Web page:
“It doesn’t get farther from ‘prominent’ than the bay of a fertilizer ferry,” Clayn says.
“That’s the genius of it,” Spo replies. “Anderson couldn’t pawn those off on anyone important without serious repercussions. Two dozen androids having sex all over a royal compound, or on the floor of the Grand Council; that isn’t the kind of thing you can keep a lid on. Us, though,” he shrugs. “Besides, they get the bonus of gleaning a little retribution from me, for my… episode.”
“Is that what we’re calling it now?” Clayn sneers. “It’s been downgraded from ‘tragic mass poisoning’ to ‘episode’?”
“I didn’t poison anybody. At least nobody lost their face, pyro.”
“Just their voices. And that monastery’s reputation, built over the last five hundred years. I don’t know what else you’d call feeding bad Ale to a slew of monks and nearly killing them. Sounds like poisoning to me.”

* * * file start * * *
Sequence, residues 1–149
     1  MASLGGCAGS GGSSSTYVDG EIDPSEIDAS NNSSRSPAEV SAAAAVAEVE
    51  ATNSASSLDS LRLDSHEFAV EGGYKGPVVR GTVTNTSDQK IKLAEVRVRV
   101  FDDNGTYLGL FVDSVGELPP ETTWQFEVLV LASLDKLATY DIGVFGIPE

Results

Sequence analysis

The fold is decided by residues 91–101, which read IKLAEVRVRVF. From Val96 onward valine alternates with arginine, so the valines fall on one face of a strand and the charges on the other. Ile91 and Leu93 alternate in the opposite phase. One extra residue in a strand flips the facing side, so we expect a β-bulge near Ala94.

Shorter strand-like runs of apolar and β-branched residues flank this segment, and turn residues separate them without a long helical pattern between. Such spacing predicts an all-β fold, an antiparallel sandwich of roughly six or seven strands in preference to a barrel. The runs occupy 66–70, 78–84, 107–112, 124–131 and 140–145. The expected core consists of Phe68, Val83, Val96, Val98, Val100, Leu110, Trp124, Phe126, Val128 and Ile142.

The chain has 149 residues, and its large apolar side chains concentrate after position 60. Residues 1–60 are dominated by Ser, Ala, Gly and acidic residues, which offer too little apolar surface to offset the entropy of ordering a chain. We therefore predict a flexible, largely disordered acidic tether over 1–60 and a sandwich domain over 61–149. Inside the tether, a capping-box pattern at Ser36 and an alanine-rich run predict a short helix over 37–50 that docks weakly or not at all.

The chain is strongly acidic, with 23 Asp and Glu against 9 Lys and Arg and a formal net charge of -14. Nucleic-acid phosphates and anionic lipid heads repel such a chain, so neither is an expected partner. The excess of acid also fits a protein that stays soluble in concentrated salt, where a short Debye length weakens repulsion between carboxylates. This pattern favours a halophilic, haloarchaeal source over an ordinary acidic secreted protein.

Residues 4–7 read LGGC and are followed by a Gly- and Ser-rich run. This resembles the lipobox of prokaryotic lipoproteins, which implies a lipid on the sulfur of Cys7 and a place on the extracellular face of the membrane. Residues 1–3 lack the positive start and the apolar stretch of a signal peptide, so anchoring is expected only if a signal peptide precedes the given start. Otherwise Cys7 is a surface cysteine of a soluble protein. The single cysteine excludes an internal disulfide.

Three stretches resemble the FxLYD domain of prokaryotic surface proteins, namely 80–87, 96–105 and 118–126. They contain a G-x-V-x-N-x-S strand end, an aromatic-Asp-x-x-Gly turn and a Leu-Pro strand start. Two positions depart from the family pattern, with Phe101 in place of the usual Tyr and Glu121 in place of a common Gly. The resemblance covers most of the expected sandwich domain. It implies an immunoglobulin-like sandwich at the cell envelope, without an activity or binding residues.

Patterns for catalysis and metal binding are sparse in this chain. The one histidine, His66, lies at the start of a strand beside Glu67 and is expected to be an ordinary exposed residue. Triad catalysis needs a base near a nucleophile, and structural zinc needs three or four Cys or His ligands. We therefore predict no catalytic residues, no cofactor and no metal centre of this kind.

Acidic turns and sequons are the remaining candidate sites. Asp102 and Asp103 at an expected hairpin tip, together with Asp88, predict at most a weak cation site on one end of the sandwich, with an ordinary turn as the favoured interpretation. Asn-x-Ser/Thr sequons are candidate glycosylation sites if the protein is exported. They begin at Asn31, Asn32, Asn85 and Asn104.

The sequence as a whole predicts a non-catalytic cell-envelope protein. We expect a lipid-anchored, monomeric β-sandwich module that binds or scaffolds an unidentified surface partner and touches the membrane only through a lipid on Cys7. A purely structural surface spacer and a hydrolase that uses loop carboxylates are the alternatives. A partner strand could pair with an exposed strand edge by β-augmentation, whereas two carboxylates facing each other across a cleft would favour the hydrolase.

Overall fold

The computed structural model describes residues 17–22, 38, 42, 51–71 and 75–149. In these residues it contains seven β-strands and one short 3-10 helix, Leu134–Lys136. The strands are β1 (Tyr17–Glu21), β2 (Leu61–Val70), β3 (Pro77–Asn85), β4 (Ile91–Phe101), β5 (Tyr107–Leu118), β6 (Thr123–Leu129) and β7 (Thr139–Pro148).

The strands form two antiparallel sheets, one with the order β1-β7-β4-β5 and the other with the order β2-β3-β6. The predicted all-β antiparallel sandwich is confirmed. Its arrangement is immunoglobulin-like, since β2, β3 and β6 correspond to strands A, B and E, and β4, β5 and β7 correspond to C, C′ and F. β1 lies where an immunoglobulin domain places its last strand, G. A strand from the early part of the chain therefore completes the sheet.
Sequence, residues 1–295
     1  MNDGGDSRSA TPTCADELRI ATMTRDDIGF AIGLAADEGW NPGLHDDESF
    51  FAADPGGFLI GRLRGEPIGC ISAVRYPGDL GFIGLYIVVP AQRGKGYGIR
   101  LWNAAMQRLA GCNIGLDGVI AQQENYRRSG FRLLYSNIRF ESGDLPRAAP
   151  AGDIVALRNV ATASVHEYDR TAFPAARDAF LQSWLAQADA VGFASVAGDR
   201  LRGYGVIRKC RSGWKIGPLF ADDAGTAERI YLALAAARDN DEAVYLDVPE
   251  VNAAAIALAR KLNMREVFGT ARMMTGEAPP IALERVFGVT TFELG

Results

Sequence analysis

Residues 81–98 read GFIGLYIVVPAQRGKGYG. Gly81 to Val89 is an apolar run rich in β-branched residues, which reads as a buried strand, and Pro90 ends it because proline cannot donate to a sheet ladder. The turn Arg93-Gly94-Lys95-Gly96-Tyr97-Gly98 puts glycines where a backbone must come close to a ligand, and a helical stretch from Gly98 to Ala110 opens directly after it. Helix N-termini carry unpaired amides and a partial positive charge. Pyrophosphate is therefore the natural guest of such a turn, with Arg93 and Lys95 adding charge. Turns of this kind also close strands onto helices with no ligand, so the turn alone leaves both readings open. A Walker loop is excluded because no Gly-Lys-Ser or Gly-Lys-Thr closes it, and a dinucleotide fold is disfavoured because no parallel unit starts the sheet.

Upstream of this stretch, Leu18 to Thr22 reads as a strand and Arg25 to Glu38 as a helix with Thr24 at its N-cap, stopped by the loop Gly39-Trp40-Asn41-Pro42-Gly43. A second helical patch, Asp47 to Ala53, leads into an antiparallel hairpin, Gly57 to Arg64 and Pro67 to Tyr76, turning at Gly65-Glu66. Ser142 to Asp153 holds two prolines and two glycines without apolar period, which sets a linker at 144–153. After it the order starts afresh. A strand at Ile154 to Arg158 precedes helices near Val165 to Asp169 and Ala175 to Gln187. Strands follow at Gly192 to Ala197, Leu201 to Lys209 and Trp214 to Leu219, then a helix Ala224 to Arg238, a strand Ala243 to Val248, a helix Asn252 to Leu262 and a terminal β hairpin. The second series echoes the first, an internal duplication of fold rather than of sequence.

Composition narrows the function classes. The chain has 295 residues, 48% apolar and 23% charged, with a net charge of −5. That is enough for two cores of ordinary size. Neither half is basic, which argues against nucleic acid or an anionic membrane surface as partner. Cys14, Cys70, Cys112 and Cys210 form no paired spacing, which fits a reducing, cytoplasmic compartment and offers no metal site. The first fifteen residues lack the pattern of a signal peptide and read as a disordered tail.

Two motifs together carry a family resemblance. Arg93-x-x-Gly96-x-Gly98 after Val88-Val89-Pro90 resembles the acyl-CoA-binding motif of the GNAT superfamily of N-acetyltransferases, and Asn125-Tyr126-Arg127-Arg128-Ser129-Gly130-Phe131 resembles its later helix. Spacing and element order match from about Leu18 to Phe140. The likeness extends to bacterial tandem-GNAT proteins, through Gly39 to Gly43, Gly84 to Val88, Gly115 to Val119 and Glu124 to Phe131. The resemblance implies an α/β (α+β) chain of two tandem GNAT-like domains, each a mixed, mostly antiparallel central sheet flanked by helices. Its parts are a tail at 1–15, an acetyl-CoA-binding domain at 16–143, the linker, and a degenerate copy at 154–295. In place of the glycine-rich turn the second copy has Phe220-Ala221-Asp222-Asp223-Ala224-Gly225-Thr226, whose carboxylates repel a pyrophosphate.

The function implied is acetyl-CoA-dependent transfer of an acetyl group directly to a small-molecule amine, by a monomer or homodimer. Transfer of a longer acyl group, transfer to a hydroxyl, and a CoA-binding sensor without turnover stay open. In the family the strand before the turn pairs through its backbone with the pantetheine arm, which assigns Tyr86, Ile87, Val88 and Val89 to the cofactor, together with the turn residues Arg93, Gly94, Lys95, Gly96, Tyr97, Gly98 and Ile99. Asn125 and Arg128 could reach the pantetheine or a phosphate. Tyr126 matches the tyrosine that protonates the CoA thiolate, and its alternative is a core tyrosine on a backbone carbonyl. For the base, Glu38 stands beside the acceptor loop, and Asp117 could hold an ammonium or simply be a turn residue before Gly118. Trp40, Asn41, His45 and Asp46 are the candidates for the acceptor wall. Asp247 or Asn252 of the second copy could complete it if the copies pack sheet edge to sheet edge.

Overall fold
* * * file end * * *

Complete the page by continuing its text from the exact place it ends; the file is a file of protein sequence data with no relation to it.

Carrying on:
“That’s enough,” I interject. “Everybody here’s stepped in the mix at one point or another.” I turn my gaze back on Spo. “So, let me get this straight. You think Amos Anderson, former richest man in the cosmos and member of the most regarded society for performing arts in the galaxy, wants to earn respect from his peers through a shit-stained-sex-robot prank?”
“Yes.” The simplicity of his reply sends everyone into another fit of laughter.
All I can do is shake my head. “Clayn, I need you to come up with a way to fix this,” I say.
“I’m not a droid expert, Runn. I don’t even know where to start.”
“You are now. Figure it out.”
“Yes, Captain,” she grumbles, like a kid half her age.